Wheat Free - Egg Free - Dairy Free
1 cup Oatmeal flour (you can purchase or grind your oatmeal into flour)
1 1/4 cup Large flake oatmeal (processed into smaller flakes in food processor, optional)
1/2 cup Spelt flour (or flour of your choice)
1 tsp baking soda
1/4 tsp baking powder
1 cup non-dairy milk (I used whole organic soy milk) with 1 tsp lemon juice (to make 'sour' milk)
2 egg replacers (2T of flax + 6T water allow to 'gel' before mixing with other liquids) or you may use eggs
2T maple syrup
1 ripe banana, mashed

1) Preheat oven to 350F, line a 9x13" pan with parchment paper.  In large bowl stir together flour, oat flakes, baking soda and baking powder until blended, in a small separate bowl mix egg replacer and allow to sit for a  few min until it 'gels'.

2) Add milk, egg replacer, banana, milk and syrup to the dry mixture stir until just mixed (avoid over stirring). 

3) Place in oven 15min or until edges are lightly brown, allow to cool for 10min then remove from pan and slice into desired shape (you could even cut them with cookie cutters to make them fun) top with pure maple syrup or your favorite pancake toppings (remember this is a pancake "cake" so they are not meant to be sweet - for extra sweetness add an additional 2 tbsp of maple syrup) OR for traditional pancakes omit baking powder.  Heat frying pan over medium heat, lightly oil pan place 3/4c of batter in pan, cover with a lid let sit for a few min (2-3) until the center begins to bubble, then flip, flatten if desired cover and cook a few more min (photos above). 

4) Serve immediately while warm or store in refrigerator for up to 3 days, or simply freeze in an air tight container (you have probably realized that I freeze everything it's a fantastic way to always have healthy food choices at your finger tips - we'll talk about my frozen homemade vegan cookie stash at another time haha).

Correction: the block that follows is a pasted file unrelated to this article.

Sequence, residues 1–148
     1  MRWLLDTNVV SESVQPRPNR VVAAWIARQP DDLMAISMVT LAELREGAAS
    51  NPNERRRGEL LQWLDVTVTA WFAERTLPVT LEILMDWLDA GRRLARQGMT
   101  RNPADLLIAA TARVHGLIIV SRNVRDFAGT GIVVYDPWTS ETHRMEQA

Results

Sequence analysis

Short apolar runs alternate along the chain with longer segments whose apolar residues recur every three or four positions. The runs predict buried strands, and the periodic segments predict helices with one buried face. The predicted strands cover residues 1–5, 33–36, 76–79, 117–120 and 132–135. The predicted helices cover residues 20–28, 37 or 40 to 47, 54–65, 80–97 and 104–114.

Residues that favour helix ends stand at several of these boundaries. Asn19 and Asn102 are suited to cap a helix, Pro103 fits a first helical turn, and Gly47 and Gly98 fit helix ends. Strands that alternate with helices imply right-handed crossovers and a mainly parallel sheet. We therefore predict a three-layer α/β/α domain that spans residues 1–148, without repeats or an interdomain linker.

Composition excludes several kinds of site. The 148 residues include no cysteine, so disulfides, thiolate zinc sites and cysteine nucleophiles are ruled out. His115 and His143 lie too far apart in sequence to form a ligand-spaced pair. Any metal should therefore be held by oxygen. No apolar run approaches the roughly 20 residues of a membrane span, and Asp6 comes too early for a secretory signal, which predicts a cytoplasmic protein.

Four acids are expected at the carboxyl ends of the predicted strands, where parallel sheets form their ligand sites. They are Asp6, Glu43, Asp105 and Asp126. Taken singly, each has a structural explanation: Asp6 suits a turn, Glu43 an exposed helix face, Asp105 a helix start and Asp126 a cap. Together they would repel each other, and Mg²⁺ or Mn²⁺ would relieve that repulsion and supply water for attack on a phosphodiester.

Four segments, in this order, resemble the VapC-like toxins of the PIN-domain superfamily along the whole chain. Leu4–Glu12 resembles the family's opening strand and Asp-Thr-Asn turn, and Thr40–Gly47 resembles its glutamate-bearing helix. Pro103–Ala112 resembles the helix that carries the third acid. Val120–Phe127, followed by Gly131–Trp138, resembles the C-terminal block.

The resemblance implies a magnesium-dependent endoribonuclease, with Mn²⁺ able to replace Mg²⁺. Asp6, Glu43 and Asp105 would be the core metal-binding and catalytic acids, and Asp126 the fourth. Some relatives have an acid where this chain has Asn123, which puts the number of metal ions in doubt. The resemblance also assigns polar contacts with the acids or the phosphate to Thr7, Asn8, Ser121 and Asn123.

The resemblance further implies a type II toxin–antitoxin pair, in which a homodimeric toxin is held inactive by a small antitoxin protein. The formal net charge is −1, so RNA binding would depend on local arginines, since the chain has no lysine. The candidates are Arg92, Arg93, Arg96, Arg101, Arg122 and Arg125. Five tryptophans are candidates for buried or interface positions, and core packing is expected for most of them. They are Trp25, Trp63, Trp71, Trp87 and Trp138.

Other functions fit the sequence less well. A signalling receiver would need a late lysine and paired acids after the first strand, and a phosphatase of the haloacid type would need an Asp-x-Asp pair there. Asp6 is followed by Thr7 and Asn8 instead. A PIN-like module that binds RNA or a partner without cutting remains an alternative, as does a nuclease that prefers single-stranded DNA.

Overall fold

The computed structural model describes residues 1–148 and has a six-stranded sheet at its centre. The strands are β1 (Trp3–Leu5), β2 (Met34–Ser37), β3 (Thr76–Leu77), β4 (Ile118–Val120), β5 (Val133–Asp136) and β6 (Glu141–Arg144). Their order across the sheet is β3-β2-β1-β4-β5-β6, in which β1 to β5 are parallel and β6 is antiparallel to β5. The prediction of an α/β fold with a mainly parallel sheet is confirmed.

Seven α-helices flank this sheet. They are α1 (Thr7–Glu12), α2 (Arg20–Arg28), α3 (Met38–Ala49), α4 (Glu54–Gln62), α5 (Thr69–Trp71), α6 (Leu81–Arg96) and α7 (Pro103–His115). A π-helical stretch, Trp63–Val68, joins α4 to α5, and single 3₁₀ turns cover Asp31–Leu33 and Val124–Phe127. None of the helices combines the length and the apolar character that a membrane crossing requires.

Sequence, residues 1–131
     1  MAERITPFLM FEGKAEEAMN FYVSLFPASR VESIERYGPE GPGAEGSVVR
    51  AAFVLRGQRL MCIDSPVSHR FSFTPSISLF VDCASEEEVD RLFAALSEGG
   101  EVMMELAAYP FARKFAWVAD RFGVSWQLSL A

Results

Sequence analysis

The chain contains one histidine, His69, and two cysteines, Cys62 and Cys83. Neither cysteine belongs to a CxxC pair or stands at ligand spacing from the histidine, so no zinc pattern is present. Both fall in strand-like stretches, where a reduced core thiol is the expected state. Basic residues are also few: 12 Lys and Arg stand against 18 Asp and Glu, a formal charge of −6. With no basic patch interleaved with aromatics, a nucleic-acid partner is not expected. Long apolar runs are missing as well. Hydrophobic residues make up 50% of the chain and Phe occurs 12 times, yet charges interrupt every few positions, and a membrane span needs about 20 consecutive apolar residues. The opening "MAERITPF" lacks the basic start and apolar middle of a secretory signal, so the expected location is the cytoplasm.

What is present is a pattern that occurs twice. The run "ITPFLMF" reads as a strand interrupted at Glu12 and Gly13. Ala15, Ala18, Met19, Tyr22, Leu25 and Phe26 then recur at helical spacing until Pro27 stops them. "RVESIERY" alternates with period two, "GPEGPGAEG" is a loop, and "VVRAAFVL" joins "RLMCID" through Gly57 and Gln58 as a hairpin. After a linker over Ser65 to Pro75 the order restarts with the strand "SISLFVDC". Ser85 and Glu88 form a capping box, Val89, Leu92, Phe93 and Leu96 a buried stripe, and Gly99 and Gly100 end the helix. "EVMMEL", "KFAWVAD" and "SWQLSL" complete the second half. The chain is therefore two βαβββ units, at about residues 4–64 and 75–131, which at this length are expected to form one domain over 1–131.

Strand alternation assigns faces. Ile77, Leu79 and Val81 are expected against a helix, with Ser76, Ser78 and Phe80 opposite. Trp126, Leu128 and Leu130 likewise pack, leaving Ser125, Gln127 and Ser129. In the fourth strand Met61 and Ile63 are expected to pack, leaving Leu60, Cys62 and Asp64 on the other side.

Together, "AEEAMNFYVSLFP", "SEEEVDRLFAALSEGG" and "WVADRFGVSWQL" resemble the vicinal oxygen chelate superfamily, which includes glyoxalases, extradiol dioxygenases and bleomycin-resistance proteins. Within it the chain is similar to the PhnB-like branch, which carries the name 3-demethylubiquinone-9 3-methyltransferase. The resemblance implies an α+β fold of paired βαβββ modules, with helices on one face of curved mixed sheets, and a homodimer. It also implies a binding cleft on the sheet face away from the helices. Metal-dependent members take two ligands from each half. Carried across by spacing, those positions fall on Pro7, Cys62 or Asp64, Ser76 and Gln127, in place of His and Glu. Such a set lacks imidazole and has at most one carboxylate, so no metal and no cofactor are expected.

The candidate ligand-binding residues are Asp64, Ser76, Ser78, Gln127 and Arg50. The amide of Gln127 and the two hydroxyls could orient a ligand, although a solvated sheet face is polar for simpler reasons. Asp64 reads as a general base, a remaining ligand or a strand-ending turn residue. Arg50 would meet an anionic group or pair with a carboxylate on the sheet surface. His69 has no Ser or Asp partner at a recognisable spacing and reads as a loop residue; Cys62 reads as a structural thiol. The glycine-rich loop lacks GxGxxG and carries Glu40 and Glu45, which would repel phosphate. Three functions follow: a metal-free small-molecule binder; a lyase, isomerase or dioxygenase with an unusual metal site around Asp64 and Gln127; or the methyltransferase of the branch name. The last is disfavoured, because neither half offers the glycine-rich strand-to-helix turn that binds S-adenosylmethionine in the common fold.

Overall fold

Makes the perfect breakfast for babies and toddlers that want to feed themselves chop into sticks or cubes serve +/- banana, place on their tray also makes a quick healthy breakfast for mom or dad.

Variations - you could add 1/2 cup infant cereal instead of spelt flour, you could add 1/2 cup unsweetened apple sauce instead of banana, you could add blueberries, ground flax, bran, liquids would have to be adjusted accordingly of course... possibilities are endless... let your baby be the guide...

So as you can imagine juggling family, work, exercise and cooking that I am always fitting things in when I can so sometimes I don't get all the pictures that I want (especially) the mixing process and such... my intentions are good and will continue to be... I know the step by step pictures are helpful.  

Yesterday Julia and I were out running a bunch of errands and we stopped at the Stone Store it's this great little health store in town here, they seem to have everything that you could ever need in there we weren't up for browsing we just needed some brown rice syrup and sucanat.  Once we got home Julia was crawling all over holding this bag of sucanat like her favorite doll (wish I had a picture) which got me looking at the bottle of brown rice syrup and started making me think about the difference between all these sweeteners... agave nector, honey, maple sryup, brown rice syrup, corn syrup, brown sugar, sucant and the list goes one... so it became obvious to me that I need to do a post on "sweeteners" what to use when etc... Do you have a favorite sweetener that you use in your baking?

Hope you and your family can enjoy a pancake "cake" this weekend... let me know if you make any variations and how they worked out? I love new ideas I am feeling raspberry pancakes might even sweeten with a splash of our homemade jam... speaking of new things I follow this blog Oh She Glows and she is always talking about "VOO" aka "vegan overnight oats" I was complete skeptic cause you don't actually "cook" the oatmeal but curiosity got the best of me and I have some sitting in the fridge for breakfast this am... will keep you posted if they are as good as everyone raves I will be babyizing the recipe this weekend.

Alight time to go... coming up next all about pesto - February has been pesto month in our household and it is time to unleash what has unfolded... I think March is going to be bread month... time for me to face my fear of "making" bread... :-) Have you ever made bread? Any tips or tricks?

Enjoy your weekend take some time for yourself - simply -  pure - wonderful...

Jessica  :-) 

Thursday, February 24, 2011

Introduction of Solid Foods

What when and how...